A sweet friend put it this way: yesterday, they faced the nightmare head on. They got the phone call. They identified the children’s dead bodies. They mourned. When they awoke this morning–––had they even slept at all–––they were forced to face it once more, but this time with reality hitting a little harder. It was not just a malicious and vile nightmare their unrelenting brains conjured up. It was reality. It happened. Their child was gone and the world kept spinning. Lives kept going. Jesus never came back to rescue them from a crude, dark world. Not yet.

Twenty children gone.

Nine adults gone.

The murderer and his mother gone.

All three are unthinkable, evil tragedies.

 

We do not have a high priest who is unable to sympathize. . . but one who in every respect has been tested as we are.
Hebrews 4:15

Mass murder, torturing slavery, and brutal evil are all reasons Jesus came to us the way He did. What kind of Savior is necessary for the comfort of a broken heart from brutal loss?

This world needed a Savior who has tasted sheer horror and brutal torture. One that has been through what the families in Newtown are going through. One that has been through what the world has and will be going through. We never needed a majestic prince with locks of gold nor a comedian to help alleviate stress by bringing laughter. Not a preacher. Not a doctor. Not a genius. This evil world needed what no mere man could be.

The world needed a suffering Sovereign. Not just a sufferer, nor just a Sovereign. For the suffering man would not be strong enough to save, nor the sovereign man be weak enough to sympathize. This man, the suffering Sovereign, came to Newtown, Connecticut.

He planned to be crushed.

He was ready to be wounded.

Despised and rejected.

Submissive like a lamb to the slaughter.

Endured anguish.

Then poured out death.

Isaiah 53

The God-flesh, Jesus Christ, is the One drawing near to the broken in Newtown. No one else can love like He can (Luke 7:48). No one else can heal like He can (Mark 1:41). No one else can sympathize like He can (Isaiah 53:4). No one else can redeem like He can (Luke 12:8).

As a people being made into a likeness of Him, may we be quick to pour out those characteristics such that we have the Spirit of the living Messiah working these mysteries inside of us. We must work out what He is working in us. Salt of the earth, light of the world. This is the very reason the Messiah had to rise and become alive again after his murder. Not only to defeat death at its very core, but so that He may still be living and active with His Spirit right here on planet earth.

We are the ambassadors. May God make us tender vessels of the suffering Sovereign.

[alert style=”success”] Sound Off: How do you wrestle with what happened in Newtown? How does the existence of our suffering Sovereign help today? Let us know in the comments below. [/alert]

Are Charities Lying To You At Christmas?

It’s Christmas time and charitable giving is at a yearly high, but are your really buying a heifer?

No, not really. I realize this might be a Santa’s-not-real moment, but don’t rush to label me a charitable Scrooge. I love Christmas and the wreath of generosity that surrounds the season.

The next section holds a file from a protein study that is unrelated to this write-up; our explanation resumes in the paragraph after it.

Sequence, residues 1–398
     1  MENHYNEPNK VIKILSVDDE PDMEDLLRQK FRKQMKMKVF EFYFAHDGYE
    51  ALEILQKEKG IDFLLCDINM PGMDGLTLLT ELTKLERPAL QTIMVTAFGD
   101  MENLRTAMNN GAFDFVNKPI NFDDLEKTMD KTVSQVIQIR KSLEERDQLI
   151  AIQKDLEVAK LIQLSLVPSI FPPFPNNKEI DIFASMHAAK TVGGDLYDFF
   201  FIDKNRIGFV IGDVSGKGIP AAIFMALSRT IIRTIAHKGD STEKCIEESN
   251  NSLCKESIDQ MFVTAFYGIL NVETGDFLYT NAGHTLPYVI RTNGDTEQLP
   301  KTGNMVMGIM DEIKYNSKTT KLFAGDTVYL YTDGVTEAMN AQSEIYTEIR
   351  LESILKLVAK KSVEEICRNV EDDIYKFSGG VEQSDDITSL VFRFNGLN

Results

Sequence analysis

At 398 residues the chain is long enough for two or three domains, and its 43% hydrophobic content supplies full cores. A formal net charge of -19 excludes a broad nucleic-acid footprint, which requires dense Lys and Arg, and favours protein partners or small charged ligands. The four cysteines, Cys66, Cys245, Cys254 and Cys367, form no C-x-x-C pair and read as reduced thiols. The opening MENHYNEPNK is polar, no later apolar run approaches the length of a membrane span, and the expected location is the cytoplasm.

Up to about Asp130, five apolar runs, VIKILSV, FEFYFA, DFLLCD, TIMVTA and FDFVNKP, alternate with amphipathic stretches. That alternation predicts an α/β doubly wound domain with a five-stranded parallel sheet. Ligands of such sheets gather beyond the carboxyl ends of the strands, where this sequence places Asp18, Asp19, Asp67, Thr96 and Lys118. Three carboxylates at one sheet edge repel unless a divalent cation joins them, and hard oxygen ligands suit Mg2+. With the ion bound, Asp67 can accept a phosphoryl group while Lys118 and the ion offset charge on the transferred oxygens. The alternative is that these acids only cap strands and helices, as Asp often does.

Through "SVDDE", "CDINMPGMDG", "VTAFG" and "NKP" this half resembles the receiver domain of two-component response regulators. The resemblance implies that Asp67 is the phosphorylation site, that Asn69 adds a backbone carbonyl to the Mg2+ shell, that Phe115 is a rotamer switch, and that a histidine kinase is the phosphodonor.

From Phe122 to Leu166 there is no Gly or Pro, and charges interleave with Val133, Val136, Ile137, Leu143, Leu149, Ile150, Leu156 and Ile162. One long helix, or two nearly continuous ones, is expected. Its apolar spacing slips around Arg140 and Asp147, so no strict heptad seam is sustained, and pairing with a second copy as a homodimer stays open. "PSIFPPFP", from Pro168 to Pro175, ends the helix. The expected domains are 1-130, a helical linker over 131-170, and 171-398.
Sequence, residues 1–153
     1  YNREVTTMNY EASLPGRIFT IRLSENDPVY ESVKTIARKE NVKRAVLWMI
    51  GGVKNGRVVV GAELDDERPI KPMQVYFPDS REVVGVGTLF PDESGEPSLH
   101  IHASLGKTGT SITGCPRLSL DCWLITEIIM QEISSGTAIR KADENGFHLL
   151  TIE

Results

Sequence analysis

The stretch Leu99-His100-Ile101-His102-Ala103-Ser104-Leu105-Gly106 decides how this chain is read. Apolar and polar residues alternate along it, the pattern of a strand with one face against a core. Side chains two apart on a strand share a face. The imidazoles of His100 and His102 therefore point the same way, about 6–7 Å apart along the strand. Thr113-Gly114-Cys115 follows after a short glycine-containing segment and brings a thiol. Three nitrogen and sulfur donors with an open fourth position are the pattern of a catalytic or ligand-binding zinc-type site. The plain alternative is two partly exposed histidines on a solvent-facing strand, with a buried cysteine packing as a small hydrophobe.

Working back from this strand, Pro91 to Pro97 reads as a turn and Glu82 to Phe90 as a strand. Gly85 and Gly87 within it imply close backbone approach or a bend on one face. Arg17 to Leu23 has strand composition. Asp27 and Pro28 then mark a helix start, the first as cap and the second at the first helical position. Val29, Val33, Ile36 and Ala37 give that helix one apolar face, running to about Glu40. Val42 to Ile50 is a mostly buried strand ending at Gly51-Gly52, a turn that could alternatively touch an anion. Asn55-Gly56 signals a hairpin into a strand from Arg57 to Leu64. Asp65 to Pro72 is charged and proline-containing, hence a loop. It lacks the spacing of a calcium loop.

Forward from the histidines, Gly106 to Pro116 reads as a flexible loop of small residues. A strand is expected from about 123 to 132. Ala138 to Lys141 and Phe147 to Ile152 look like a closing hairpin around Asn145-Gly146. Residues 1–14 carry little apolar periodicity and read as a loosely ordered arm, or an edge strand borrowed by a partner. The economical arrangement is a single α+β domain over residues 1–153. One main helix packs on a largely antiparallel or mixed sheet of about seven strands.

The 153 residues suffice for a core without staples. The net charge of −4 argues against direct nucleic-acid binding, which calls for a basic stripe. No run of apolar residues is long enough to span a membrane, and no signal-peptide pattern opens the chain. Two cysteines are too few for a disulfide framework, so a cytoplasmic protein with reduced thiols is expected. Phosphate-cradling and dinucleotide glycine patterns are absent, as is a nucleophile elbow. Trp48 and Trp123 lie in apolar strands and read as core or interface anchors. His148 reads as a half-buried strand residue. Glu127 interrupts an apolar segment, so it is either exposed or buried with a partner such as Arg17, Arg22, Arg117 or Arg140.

You aren’t buying a heifer, but this isn’t hush-hush. Heifer Internationalthe heifer-distributing marvel, even tells you so. When you make your purchase, they note that “every gift to Heifer International represents a gift to our total mission.” In other words, when you “gift a heifer,” you grow the general fund. Nearly every donated dollar (94%) is an unrestricted, no-strings-attached general fund contribution.

Heifers are certainly bought by Heifer International. Over 40,000 of them in 2010! But your gift of one heifer isn’t directly buying one heifer. So, are they lying to us? I’ll make the question more personal: Am I lying to you? Because here’s the truth: My organization does it too.

While Heifer pioneered the approach, most charities followed closely behind them—World VisionThe Red Cross and even my employer, HOPE. While we all state something like “the gifts depicted in this catalog symbolically represent our work,” most people assume they’re really buying heifers, goats, sewing machines, honeybees, trees and art classes. The catalog phenomenon, at its core, is beautiful. I laud efforts to inspire generosity and cultivate significance in the giving process. But, are we swindling you, the generous Christmas giver?

[divider]

It’s an interesting ethical case study. I’ll offer the following considerations:

Integrity in the Means: We can’t raise millions by making this appeal: Make a general, undesignated gift to help us cover our overhead costs this Christmas season! Do charitable ends justify ethically cloudy means? I don’t think so. Swindling is never good, even for the noblest of causes. Small adjustments can ensure no one is tricked by the process.

HOPE, for example, directs all catalog purchases directly to the featured country. While “buying a sewing machine for a Congolese entrepreneur” doesn’t mean your funding will directly buy a sewing machine, your donation does benefit our work in Congo. World Vision does a great job of forthrightly describing their process (pictured below). Hold your charity to a high standard and call us out if you spot duping. Compassion, experts in donor-to-beneficiary connections through their child sponsorship model, has developed the best system I’ve seen to actually connect gift purchase to the end use.